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Currently, algorithmic news stories are used to cover heavily numbers-based subjects, like finance and minor league baseball. Generally these stories wouldn’t be written at all, because there are so many minor league games and stock changes, and there is such a tiny audience for this news. But if a computer “writes” a 300 word “story” based upon a box score, it’s at least better than the alternative of it not existing at all.

Cuban is probably right that a time will come in which news organizations will attempt to use algorithmic reporting instead of reporters, rather than just to fill gaps in coverage. But I’d venture that time is a lot farther off than he believes, and that the day that a computer can interview a coach, notice something interesting happening off-camera, and give the proper context to carefully-selected facts is even farther off.

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If fans are still interested in written coverage of basketball—or, more specifically, if fans are interested in paying for written coverage of basketball—it will continue to be covered by human beings. If they’re not, they’ll get a four paragraph computer-written gamer, and everything will be okay. As a journalist I’ll be bummed about other journalists (or me) being out of a job, and as someone who values the craft of reporting I’ll miss good writing, but what I or Mark Cuban think about journalism matters very little in the grand scheme of things.

Anyway, while Cuban’s argument doesn’t particularly make a lot of sense, it is always interesting to know what an NBA owner is thinking. In that spirit, here is Cuban’s full e-mail to Deadspin. He didn’t respond to follow-up questions.

It was obvious that I needed to get a commitment from all publishers covering us to cover us with reporters

Quality coverage of our games is important. Everyone consumes in the way they want. We have helped our partners that covered our games build an audience and vice versa

Two things triggered this whole thing. First was when I found out they had cut back or had always offered reduced coverage for 19 nba teams I had no idea this was going on

The second was when espn didn’t cover our opening night and the resultant coverage on their website was a tweet, One highlight and a wire service story

It made me realize that I had expected to be covered by all media, but it no longer was a given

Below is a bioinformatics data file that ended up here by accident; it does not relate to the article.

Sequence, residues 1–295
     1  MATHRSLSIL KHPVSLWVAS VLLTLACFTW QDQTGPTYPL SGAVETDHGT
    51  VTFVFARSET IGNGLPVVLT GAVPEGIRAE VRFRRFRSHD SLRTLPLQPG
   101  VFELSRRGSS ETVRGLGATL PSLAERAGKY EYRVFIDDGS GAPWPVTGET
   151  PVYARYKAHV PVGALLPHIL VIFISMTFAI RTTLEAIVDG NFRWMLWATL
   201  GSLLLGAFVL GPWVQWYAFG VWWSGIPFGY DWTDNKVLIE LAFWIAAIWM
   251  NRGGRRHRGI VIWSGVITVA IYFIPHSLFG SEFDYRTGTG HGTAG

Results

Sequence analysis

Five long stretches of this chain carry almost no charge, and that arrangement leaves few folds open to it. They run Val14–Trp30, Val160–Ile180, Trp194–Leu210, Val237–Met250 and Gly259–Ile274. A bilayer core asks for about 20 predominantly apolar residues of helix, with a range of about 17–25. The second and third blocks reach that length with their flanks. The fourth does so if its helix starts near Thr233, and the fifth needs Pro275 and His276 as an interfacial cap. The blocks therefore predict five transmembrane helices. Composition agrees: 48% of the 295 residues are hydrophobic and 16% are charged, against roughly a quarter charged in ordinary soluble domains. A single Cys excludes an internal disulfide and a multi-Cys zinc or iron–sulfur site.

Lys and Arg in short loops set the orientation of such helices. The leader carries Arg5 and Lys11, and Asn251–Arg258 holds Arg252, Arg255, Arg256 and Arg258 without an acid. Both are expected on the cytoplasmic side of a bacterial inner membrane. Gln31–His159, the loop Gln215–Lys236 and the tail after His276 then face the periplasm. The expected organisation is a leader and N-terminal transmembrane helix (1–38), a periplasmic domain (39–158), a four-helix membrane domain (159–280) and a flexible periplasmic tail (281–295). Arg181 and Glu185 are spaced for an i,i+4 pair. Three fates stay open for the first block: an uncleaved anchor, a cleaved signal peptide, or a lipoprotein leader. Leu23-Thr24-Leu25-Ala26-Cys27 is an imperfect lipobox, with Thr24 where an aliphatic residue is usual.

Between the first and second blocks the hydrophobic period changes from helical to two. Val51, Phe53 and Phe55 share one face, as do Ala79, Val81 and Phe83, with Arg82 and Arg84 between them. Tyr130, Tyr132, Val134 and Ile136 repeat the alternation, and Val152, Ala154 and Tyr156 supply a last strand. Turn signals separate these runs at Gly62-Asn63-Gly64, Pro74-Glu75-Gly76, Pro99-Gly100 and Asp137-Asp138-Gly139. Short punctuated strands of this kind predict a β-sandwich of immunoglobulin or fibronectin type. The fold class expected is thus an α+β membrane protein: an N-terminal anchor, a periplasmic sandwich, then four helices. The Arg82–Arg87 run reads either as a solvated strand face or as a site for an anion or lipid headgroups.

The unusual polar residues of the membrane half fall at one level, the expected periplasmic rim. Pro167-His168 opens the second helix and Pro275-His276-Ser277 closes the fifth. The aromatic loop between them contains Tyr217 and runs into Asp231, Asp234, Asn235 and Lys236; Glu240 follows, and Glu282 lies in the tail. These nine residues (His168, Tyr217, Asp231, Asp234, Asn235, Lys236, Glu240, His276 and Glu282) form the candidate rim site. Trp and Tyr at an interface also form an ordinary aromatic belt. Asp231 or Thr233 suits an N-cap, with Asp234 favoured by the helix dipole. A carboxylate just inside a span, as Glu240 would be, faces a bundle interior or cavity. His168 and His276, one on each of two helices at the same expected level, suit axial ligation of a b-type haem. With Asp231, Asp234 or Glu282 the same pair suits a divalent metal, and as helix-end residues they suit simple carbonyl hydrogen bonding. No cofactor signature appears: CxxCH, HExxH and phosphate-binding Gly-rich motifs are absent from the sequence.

Even though espn was covering the same number of games, if they didn’t think it was a big deal to miss opening night. I had a problem. Not necessarily an espn problem , but a coverage problem

I went to the local papers and we worked together to get them what they needed in access, to cover all of our games. They said yes

Same offers to ESPN. Espn said no

I offered to let them use any of our content or writers to fill in for games they couldn’t attend they said no

If offered to let them travel with us to reduce costs. They said no

So it came down to asking why ? Why were they so set on using wire services for games without a writer . It’s not like wire service coverage of all games aren’t available every where

These weren’t exclusive stories to espn.

They are the same thing anyone can get anywhere on the net

So why would they choose the option that was probably the least expensive but certainly also the least quality of the options ( and this isn’t a knock on wire services. Their job isn’t to cover a game with one teams fans in mind )?

And if it’s 30 games now for 19 teams. What would keep it from being 60 games for 25 teams ?

What was their long term thinking ?

When you realize that the hottest area in technology, and it’s not even close , is machine and deep learning , then it’s an easy step to see where this was going

I told espn this was my concern. They didn’t say they were taking this path. They didn’t say they weren’t. But I voiced these concerns to them

They said they would run their business . I can run mine

So after my previous concessions. They still said no

So the next question is where would it leave Mavs fans who wanted game results coverage of nothing changed and espn didn’t send a reporter for 30 games ?

It meant for 30 games and inevitably more in the future they woulnt have a good experience with espn

It meant it was likely that in the near term when they went to espn Dallas they find a couple videos, tweets and a wire service story

How is that positive for any nba team or their fans when 30 games have second rate coverage ?

And what happens and what message is sent to fans when those games are covered by an algorithm in the future ?

Given the short term and long term it was far more effective to just say to espn that if they don’t want to cover all our games. Great. We will send our fans to those publishers that are covering every game So the fans don’t miss anything

What did our fans lose by not having Tim and Marc around to write features and game coverage for the other 52 games and playoffs ? We will find out

Short term this is a Mavs issue. Long term it’s a certainty that our games will be covered algorithmically. Thats a problem across the board for us and the NBA

iMO that devalues our brand . It devalues the fans experience. I feel strongly that now is the time to partner with those who commit to the Mavs and to sending real people to cover the games for Mavs fans

It may seem like we are picking on espn or telling them how to run their business. We arent. We are trying to protect ourselves and our fans and our future by partnering with those in the written media who commit to us

I know the whole automation thing may not make sense to some. But to me this is no different than saying that streaming would change media in 1995. Or social media would change coverage of sports , etc

Machine and deep learning and algorithmic coverage of sports events is going to happen.

This isn’t about replacing writers. The best writers will always have a place

This comes down to how do we value reporting on a game . Right now I value it more than espn and others and want to partner with the DMN FWST and use our own writers as our focus